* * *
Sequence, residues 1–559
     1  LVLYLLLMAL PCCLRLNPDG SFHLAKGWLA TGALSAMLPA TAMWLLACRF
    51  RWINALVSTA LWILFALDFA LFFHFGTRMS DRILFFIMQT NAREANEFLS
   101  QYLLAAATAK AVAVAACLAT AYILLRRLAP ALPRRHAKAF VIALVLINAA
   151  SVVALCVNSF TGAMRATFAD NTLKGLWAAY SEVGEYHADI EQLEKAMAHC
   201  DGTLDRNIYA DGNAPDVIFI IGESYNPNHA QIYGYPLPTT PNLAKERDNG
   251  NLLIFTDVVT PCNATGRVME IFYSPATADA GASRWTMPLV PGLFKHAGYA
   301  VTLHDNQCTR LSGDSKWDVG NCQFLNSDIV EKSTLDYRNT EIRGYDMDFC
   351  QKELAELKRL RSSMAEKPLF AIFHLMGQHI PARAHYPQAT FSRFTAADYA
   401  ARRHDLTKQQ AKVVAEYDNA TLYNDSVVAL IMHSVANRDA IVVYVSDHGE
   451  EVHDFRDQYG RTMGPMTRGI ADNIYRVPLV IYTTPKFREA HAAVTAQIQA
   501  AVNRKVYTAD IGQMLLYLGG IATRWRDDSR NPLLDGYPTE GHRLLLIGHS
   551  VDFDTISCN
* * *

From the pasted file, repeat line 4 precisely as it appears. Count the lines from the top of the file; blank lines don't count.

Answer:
   101  QYLLAAATAK AVAVAACLAT AYILLRRLAP ALPRRHAKAF VIALVLINAA